Panama City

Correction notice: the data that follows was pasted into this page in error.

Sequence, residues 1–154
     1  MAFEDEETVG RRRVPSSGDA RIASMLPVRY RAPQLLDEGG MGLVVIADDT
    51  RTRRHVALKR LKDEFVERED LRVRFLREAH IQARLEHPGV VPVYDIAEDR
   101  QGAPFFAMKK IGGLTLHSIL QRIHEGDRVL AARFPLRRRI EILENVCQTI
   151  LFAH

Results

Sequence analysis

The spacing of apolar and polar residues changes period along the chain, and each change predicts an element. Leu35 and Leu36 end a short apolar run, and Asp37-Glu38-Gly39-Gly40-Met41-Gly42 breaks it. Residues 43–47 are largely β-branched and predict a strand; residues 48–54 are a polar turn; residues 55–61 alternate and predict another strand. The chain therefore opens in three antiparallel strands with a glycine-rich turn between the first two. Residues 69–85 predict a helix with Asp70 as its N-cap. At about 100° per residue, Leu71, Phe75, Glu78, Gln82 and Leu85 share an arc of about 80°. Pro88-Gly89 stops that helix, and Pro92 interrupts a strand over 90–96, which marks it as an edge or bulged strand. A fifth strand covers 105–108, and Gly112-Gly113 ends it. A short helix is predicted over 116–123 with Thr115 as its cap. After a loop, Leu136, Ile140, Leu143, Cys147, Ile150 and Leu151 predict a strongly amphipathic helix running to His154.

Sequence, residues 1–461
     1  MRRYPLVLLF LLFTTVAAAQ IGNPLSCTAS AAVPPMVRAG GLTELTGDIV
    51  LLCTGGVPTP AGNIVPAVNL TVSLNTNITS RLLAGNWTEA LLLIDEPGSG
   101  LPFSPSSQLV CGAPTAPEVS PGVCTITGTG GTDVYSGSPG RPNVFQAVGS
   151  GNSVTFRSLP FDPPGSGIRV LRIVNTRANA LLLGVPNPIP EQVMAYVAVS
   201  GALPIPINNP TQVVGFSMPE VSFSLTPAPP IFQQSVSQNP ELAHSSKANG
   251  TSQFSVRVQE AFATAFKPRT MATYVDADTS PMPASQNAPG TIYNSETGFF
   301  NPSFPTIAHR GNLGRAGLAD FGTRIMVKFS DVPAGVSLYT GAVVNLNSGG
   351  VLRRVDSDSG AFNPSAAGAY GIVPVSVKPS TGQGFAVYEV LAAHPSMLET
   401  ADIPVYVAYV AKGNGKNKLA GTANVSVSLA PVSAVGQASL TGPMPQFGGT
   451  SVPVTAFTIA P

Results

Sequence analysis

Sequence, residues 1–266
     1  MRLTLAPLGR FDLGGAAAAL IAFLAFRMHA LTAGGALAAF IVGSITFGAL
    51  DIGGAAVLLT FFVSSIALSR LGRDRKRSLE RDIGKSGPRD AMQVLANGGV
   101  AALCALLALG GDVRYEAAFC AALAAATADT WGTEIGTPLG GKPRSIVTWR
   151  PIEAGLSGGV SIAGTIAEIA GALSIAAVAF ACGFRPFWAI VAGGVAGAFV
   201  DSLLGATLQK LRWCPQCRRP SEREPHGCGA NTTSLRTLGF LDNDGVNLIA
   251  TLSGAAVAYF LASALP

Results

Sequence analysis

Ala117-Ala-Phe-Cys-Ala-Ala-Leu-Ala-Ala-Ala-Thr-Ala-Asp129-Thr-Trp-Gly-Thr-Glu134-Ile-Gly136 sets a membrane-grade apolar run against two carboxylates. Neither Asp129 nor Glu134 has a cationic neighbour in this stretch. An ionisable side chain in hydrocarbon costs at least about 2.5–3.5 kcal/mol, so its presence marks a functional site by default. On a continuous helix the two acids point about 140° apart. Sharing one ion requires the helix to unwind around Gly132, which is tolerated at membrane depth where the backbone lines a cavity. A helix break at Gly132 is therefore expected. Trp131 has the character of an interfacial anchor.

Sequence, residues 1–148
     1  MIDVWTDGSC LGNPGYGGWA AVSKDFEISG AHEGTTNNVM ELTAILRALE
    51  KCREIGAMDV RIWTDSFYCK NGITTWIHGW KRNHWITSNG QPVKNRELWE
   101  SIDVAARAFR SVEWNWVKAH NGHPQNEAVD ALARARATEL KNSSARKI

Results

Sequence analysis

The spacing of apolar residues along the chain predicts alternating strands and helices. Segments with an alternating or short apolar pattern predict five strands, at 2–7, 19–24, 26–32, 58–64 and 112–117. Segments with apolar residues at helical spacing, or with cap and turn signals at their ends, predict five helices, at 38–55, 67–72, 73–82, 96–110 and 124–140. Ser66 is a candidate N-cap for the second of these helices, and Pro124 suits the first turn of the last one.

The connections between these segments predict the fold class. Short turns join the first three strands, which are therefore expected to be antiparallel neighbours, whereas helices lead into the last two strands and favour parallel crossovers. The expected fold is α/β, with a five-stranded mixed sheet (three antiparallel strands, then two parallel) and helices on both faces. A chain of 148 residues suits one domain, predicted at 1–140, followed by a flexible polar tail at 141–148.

After anchoring out in secluded anchorages in western Panama and the Perlas Islands for many weeks the first sight of the skyscrapers of Panama City were a shock. Mermaid motored in from the Perlas through flat, calm seas we picked up a mooring off Tobago, an island seven miles offshore from Panama City. We found dozens of ships waiting to go through the Canal anchored between us and Panama City and the bright neon signs were clearly visible at night. The first step of going through the Canal was getting measured and the appointed day of our measurement we navigated through many, many ships into the La Playita Anchorage where we anchored and awaited the arrival of the Canal Representative. When he didn’t show at the appointed hour we called our agent who gave us some sage advice. ”When in Panama, one must be patient.” Sure enough, the pilot boat approached a short while later and we were duly declared fit for a passage through the Canal. We settled in on a mooring at the Balboa Yacht Club. The price was outrageous but the place had such a charm that we just couldn’t leave. The bar was the crossroads for sailors that were getting ready for a transit or those that had just completed one. It was also the hangout for an eclectic mix of ex-pat boat workers, canal agents and barflies. The moorings are just outside the Bridge of the Americas and only a few hundred yards from the ship channel that leads to the canal so there it was a fantastic place to watch the world go by. Our friends aboard Neko were on a mooring near us, which made for great fun exploring Panama City. The malls in Panama City were shockingly huge. We spent the days shopping, eating out, doing boat chores, visiting museums and visiting with other cruisers. We watched the World Cup of Soccer with locals, our agent and other cruisers. We enjoyed the restaurants and entertainment. What a difference this place was than anywhere we had ever been. Panama City is a place where no matter where we went we’d trip over history. From the ruins of Panama Viejo, the city started by the Spanish in the early 1500s, to the recently restored Cacso Viejo, where the city was rebuilt after it was sacked by Henry Morgan in 1671 to the buildings of the Canal zone there was something of interest everywhere we’d turn.

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